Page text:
Table of Contents Microorganisms are small living bodies that are not visible to the naked eye. ▫Nonpathogens - maintain body processes ▫Pathogens – cause infection and disease Classes of microorganisms: ▫Bacteria ▫Protozoa ▫Fungi ▫Viruses
Table of Contents Bacteria are one-celled microorganisms that are classified by shape. Spores are thick-walled cells created by bacteria to aid in reproduction and to make the bacteria resistant to harsh environments. Spores can result in serious illness. Diseases - food poisoning, strep throat, tetanus, syphilis, and cholera
Table of Contents Protozoa are the simplest organisms in the animal kingdom. Most protozoa need moisture to survive, so they are often found in watery environments. Diseases - malaria, dysentery, and African sleeping sickness
Table of Contents Fungi are plant-like microorganisms that can be found in the air, in soil, on plants, or in water. There are thousands of types of fungi, including mushrooms, yeasts, and molds. Only about half of these types of fungi are pathogenic. Diseases - athlete’s foot, ringworm, yeast infections, and thrush
Table of Contents Viruses are the smallest type of microorganism. They are made up of only a few molecules. Viruses invade the cells of a living organism where they reproduce more viruses. Diseases - common cold, chicken pox, measles, herpes, hepatitis B and C, HIV, and AIDS
Table of Contents Endogenous – begins inside the body Exogenous – caused by something outside the body Nosocomial – acquired by an individual within a health care facility Opportunistic – occur when the body’s defenses are weak
Table of Contents An infectious disease results from an invasion of microorganisms. A communicable disease is a type of infectious disease that can be transmitted from one person to another person. Not all infectious diseases are communicable.
Table of Contents Causative agent Reservoir Portal of exit Mode of transmission Portal of entry Susceptible host
Table of Contents Asepsis is a condition that is free of pathogens. Maintaining asepsis in a health care facility is the primary way to prevent the spread of disease from person to person. It works by breaking the chain of infection.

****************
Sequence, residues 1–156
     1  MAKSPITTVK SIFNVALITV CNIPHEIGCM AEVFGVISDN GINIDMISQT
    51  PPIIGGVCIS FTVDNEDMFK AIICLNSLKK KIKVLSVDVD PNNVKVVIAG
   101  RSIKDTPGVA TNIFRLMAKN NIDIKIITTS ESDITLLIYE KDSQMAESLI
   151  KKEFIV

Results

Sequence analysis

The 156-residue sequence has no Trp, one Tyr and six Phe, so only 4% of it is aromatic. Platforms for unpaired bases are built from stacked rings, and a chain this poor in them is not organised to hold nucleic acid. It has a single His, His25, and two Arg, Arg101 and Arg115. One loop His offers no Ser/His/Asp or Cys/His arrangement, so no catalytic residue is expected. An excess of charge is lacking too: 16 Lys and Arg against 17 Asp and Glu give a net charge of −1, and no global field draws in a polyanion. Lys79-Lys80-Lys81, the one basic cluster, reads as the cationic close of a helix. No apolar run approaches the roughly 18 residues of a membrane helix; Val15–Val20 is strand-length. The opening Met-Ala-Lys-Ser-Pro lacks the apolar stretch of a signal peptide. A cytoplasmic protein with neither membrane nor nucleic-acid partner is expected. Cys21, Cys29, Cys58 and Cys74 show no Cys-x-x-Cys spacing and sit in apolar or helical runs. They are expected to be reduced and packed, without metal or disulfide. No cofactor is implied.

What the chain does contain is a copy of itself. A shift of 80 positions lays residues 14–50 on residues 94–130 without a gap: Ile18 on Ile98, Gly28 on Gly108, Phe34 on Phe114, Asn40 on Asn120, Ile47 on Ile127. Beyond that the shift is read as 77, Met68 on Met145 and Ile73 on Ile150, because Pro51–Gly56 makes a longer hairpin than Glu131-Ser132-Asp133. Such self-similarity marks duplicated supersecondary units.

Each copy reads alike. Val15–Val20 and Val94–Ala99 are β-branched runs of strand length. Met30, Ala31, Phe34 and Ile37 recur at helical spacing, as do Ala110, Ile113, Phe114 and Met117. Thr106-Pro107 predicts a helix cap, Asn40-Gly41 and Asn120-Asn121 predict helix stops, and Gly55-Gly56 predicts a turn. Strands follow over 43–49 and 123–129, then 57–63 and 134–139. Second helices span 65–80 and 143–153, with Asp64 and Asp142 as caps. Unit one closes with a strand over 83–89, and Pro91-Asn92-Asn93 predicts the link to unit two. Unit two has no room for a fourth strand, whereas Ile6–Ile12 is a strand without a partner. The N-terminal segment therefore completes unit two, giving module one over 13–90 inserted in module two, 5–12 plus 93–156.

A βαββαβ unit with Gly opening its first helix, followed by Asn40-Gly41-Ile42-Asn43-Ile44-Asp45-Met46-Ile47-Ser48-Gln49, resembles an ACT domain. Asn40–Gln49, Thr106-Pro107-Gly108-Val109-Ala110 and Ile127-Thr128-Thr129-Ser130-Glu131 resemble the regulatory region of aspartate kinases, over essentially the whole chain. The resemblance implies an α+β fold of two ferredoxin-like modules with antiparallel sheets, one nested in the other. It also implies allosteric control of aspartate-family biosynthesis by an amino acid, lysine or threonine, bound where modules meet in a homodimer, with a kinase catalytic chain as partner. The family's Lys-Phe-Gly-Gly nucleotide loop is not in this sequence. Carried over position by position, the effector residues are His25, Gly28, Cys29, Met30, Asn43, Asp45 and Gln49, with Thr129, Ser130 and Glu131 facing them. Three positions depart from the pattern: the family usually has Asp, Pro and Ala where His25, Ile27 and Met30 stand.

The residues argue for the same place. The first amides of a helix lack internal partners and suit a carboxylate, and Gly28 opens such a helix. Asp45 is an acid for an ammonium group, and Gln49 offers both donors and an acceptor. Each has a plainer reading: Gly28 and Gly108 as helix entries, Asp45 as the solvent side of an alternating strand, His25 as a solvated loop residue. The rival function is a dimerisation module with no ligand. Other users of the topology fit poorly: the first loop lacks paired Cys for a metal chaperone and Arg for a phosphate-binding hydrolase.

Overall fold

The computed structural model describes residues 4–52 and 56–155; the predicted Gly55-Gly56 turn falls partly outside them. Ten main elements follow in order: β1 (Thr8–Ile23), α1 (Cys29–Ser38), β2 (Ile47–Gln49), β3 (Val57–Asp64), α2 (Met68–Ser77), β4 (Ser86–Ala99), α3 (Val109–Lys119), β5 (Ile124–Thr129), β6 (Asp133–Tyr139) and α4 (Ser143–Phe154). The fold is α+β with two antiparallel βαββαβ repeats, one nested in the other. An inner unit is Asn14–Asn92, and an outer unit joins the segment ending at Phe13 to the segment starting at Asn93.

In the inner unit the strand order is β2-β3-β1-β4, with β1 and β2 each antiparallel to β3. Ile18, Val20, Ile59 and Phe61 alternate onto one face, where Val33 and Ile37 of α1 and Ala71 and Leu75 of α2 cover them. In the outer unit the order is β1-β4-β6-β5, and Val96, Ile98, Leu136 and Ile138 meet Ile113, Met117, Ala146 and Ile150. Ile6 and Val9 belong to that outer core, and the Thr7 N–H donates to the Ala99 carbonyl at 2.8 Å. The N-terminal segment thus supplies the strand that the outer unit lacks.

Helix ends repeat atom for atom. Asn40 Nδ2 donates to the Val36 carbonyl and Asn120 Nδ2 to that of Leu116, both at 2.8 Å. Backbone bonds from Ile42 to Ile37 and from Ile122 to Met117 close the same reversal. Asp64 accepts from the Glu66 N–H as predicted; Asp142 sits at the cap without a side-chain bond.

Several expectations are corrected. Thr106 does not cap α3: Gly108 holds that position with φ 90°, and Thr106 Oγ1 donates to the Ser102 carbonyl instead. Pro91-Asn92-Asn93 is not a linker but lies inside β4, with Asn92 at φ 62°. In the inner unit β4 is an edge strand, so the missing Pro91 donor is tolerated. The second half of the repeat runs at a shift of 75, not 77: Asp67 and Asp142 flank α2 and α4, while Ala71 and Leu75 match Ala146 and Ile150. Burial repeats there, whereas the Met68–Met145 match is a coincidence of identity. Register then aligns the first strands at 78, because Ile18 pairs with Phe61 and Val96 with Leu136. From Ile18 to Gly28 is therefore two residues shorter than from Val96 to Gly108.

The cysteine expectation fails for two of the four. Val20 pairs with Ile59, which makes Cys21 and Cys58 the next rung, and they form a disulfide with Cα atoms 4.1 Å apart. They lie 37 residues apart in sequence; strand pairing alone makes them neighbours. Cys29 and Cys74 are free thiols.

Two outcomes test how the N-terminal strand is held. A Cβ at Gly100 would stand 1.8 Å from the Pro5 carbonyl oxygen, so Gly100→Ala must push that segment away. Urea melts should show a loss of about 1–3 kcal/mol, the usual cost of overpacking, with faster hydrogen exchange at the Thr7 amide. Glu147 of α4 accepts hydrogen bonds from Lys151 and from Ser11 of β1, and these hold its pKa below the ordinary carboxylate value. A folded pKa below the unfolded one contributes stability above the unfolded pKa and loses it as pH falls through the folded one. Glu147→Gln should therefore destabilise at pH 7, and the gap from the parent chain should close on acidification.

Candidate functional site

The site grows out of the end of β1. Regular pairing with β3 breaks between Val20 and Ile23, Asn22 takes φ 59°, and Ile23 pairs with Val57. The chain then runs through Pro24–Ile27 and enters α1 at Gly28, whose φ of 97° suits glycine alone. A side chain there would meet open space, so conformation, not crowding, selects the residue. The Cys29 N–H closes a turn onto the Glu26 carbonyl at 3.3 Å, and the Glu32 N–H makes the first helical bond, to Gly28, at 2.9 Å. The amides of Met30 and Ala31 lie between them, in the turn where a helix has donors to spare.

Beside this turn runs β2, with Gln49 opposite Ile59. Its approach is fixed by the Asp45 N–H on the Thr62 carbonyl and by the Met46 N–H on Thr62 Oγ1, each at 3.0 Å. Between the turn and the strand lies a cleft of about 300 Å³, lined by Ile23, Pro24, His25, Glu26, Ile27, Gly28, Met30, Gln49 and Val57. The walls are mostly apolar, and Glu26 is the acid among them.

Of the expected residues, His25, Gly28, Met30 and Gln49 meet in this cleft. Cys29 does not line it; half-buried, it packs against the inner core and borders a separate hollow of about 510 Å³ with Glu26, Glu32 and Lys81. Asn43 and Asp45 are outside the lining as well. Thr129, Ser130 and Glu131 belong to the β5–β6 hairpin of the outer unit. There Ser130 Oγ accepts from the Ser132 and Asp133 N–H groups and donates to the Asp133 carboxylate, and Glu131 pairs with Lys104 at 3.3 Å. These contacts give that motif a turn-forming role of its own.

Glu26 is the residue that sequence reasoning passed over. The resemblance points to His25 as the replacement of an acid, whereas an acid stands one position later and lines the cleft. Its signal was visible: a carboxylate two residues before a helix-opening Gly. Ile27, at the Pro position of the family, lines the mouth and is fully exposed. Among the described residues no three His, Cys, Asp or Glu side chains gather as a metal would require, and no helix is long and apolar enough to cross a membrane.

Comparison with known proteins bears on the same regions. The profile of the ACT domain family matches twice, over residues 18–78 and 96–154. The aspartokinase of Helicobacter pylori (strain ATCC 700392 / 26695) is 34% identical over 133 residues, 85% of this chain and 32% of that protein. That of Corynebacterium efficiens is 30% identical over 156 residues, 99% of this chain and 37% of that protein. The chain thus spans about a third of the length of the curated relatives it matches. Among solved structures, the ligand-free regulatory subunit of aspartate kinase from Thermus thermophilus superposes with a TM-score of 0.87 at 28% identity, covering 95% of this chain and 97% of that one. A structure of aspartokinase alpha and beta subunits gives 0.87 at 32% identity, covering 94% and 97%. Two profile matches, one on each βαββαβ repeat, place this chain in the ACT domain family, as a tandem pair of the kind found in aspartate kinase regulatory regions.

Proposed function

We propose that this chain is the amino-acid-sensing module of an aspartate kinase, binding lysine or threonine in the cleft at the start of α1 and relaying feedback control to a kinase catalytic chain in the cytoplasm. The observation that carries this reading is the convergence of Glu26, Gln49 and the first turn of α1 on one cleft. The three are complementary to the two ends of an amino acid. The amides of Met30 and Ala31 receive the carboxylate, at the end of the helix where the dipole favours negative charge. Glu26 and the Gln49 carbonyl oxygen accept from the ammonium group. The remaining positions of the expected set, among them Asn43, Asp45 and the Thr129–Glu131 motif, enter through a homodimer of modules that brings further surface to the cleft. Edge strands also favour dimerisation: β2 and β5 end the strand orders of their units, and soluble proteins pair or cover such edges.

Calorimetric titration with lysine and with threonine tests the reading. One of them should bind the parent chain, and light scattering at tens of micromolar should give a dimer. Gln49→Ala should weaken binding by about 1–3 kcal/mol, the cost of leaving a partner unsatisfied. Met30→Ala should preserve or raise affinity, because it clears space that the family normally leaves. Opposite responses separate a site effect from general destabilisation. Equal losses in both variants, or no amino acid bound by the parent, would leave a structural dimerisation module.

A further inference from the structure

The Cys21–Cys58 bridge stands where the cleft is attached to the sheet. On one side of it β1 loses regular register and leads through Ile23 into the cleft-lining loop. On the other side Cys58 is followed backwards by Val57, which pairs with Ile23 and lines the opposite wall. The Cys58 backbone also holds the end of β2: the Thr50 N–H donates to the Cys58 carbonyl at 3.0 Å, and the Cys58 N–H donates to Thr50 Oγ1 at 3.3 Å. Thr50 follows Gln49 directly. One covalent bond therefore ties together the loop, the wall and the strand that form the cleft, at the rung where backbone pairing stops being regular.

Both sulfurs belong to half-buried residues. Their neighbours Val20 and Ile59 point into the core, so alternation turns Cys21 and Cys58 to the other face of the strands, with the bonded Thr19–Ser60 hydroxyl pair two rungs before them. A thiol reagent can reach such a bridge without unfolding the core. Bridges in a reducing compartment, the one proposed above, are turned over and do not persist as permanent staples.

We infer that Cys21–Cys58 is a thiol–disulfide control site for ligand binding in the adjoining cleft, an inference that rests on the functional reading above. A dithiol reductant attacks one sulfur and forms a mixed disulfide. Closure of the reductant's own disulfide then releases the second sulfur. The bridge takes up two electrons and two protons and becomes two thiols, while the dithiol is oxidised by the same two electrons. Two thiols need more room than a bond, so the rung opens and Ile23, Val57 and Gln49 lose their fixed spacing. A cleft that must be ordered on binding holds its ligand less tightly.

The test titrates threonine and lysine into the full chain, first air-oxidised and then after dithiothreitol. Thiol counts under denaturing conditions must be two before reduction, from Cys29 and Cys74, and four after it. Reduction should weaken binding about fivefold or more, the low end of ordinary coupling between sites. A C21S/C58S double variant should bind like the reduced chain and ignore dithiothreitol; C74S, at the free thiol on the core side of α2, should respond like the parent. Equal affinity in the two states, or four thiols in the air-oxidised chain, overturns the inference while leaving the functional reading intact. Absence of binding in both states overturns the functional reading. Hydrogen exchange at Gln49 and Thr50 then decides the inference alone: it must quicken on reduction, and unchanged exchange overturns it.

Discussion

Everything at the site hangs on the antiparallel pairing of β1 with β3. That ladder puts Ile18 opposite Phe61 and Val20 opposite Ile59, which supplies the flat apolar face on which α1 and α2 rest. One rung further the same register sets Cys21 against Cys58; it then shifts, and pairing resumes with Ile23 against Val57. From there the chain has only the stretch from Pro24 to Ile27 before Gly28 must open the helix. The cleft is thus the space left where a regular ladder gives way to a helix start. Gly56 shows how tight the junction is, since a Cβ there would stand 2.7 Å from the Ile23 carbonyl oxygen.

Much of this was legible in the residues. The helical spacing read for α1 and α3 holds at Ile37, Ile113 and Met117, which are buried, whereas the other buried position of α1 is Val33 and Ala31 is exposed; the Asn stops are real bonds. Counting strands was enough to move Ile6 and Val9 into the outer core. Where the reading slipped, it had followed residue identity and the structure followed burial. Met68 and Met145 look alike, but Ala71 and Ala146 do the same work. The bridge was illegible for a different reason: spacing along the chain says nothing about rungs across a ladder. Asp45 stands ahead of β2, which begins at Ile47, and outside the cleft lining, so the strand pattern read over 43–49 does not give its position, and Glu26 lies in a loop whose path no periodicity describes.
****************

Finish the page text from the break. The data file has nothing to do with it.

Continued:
Table of Contents Medical asepsis is maintaining a clean environment in order to reduce the number of pathogens. It is also called clean technique. Surgical asepsis is maintaining a sterile field that is free from all microorganisms and spores. It is also known as sterile technique.
Table of Contents Sterilization is the highest level of asepsis. Sterilization is a type of surgical asepsis that kills all microorganisms, including viruses and spores. The most common piece of equipment used for sterilization is called an autoclave.
Table of Contents Disinfection is a type of medical asepsis that destroys most pathogens, but is not always effective on viruses and spores. Common disinfectant solutions include chlorine and bleach. An object must soak in a disinfectant solution for at least 20 minutes to be properly disinfected.
Table of Contents Cleaning is the lowest level of asepsis, and is also called sanitization. The cleaning process does not require harsh chemicals to destroy pathogens, so cleaning can be used on people. Antiseptic solutions such as iodine, betadine, and alcohol are often used in the cleaning process.
Table of Contents Hand cleansing is the most basic and important type of medical asepsis. Hand cleansing is the number one way to prevent the spread of infection.
Table of Contents When arriving at the health care facility and immediately before leaving the facility Before and after every patient contact Before and after a procedure Before and after handling a specimen Before and after touching the mouth Before and after wearing gloves. After contacting soiled or contaminated items After picking up any item from the floor After using the bathroom After coughing, sneezing, or using a tissue
Table of Contents Hand washing ◦ Soap and water ◦ Use when visibly dirty Alcohol-based hand-rub ◦ Waterless gel, lotion, etc. ◦ Use when not visibly dirty
Table of Contents Cleaning is the lowest level of medical asepsis. To clean objects or equipment, health care workers may use soap, water, and scrub brushes. Some health care facilities use ultrasonic units for cleaning. An ultrasonic unit uses sound waves and cleaning solution to clean dirt and residue from items.